While the ACA focuses heavily on reforming the small group and the individual health insurance markets, it also utilizes a combination of mandates and incentives designed to increase employer offering and employee uptake of coverage. Employers with more than 50 employees will be required to offer affordable coverage to all full-time employees beginning in 2014. The Act incentivizes firms with 25 or fewer employees to provide coverage by offering tax credits for those that offer coverage and contribute at least 50 percent of the premium amount. Additionally, the individual mandate will take effect in 2014, requiring that most individuals purchase health insurance coverage. The need to satisfy this mandate will likely serve to maintain (or even increase) employee demand for ESI, and the employer mandate will further reduce any incentive employers currently offering insurance may have to stop offering it, even in the face of changes to its favorable tax treatment.
As previously suggested, employers are economically indifferent between paying their employees in wages and paying them in the form of health insurance. The employer mandate and small-business subsidies serve to sway this indifference such that more employers will offer coverage. This, along with the individual mandate supporting employee demand for such coverage, suggests that an alteration (such as a capped deductible amount) or elimination of the favorable tax treatment of ESI is unlikely to adversely affect the employer provision of insurance. In fact, its limiting or eliminating may decrease the incentive that exists for high-income, already insured employees to opt for increasingly expensive and generous plans because of their tax treatment.
It is important to note that any contraction of the ESI subsidy will make insurance relatively more expensive, as individuals will be paying their premium contributions with taxed dollars. Again, the ACA offers provisions that could address the affordability concerns inherent in a change to the ESI subsidy. Employees will be eligible to purchase insurance through one of the newly created exchanges if the insurance offered by their employer becomes unaffordable (a threshold currently set at 9.5 percent of income).
Additionally, families and individuals living between 100 and 400 percent of the federal poverty level who purchase insurance through an exchange will be eligible for refundable and advanceable tax credits to limit premium costs as a percentage of income. As such, employees for whom ESI might become unaffordable would be protected from the loss of insurance by the options introduced under the ACA.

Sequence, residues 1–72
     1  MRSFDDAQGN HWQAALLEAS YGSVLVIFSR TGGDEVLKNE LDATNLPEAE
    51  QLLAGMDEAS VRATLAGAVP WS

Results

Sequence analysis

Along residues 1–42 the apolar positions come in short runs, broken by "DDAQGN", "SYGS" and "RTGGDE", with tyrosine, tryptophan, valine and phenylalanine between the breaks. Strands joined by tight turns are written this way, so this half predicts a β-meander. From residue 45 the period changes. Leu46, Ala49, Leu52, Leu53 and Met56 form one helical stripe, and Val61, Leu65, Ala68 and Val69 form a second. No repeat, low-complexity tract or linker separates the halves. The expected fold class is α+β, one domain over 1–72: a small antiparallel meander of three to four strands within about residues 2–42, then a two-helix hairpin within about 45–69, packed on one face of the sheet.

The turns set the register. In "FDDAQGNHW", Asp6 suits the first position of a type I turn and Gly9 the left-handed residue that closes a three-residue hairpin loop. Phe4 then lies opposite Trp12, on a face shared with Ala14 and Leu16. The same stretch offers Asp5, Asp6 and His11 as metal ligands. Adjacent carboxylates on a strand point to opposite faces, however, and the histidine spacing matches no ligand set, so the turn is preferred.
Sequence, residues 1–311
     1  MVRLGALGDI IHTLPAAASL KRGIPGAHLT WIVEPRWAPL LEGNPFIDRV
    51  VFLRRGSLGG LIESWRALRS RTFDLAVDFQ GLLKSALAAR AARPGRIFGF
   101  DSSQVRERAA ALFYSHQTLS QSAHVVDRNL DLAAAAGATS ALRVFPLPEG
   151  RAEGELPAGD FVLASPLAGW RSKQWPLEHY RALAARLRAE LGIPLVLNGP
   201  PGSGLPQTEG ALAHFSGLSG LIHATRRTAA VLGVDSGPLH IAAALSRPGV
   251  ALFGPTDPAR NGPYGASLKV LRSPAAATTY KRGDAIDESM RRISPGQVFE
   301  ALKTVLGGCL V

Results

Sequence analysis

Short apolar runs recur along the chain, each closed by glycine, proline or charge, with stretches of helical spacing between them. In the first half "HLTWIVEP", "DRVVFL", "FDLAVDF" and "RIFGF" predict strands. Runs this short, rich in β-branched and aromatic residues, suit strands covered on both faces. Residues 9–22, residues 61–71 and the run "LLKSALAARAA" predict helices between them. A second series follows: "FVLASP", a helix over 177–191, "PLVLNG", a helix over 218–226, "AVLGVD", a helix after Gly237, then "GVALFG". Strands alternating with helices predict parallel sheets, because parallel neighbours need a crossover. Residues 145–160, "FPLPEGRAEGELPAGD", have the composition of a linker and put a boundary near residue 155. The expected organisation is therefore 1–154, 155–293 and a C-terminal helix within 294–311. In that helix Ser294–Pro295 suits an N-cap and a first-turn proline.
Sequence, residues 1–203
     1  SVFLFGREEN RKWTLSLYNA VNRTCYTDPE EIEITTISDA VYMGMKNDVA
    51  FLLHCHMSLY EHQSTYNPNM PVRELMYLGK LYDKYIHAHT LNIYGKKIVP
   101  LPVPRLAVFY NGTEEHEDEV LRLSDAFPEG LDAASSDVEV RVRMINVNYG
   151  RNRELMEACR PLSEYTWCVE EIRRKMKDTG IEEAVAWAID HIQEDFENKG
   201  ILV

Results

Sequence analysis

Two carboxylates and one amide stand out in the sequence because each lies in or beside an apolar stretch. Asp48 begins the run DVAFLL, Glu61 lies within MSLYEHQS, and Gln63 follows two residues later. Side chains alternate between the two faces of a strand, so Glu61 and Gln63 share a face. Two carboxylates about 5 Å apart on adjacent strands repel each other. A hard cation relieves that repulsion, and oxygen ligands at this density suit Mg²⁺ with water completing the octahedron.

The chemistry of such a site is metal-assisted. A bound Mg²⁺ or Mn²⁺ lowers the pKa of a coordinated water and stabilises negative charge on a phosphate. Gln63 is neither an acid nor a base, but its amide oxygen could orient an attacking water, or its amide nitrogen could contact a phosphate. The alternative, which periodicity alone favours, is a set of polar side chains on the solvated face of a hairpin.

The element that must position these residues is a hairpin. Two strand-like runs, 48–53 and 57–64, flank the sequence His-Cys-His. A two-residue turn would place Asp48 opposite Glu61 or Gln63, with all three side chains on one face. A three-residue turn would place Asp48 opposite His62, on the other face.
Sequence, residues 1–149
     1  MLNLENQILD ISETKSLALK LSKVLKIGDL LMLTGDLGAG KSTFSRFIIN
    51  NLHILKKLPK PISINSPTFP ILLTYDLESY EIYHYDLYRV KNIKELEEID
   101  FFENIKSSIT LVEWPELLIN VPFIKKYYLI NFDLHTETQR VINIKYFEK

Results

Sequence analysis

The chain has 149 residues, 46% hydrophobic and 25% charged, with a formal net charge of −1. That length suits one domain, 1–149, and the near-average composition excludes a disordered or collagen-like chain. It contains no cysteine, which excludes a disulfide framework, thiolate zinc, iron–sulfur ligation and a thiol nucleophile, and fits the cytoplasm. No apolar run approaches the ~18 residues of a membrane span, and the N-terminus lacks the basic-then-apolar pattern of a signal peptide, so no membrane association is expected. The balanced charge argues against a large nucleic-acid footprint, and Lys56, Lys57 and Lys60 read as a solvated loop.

The tax credits, many are quick to note, will not come cheap. The Congressional Budget Office estimates that exchange subsidies and related spending will cost $127 billion in FY 2022 and total $808 billion over the 11-year period from 2012–2022. This is expensive, certainly, but less so than the revenue that will be forgone because of the ESI subsidy over this same period ($760.4 billion from 2013–2017 alone). These numbers suggest that the repeal or modification of the subsidy has the potential to generate enough revenue to completely pay for the ACA subsidies, perhaps even generating a net increase in revenue. Such a scenario would represent a more nuanced targeting of funds: working to provide more individuals with health insurance while minimizing the incentive for over-insurance among wealthier individuals.
If we are serious about taking substantive steps to improve government efficiency and reduce the deficit, hard decisions will have to be made. Naturally, we should seek to make these decisions in ways that will minimize the negative impacts of reducing current spending levels. The ACA targets incentives toward increasing insurance where it is most lacking—among low-income and small business employees—and offers protection against unaffordability for these populations. When these provisions take effect in 2014, the ESI subsidy may become duplicative and function only to continue incentivizing increased health spending at higher income levels. As such, the implementation of the ACA may provide an opportunity to significantly alter or eliminate the ESI tax expenditure without negative impacts on insurance coverage, inequality, or costs. As we continue to pursue our health policy goals in a deficit-constrained environment, this often-dismissed policy option and its potential outcomes may warrant more serious consideration.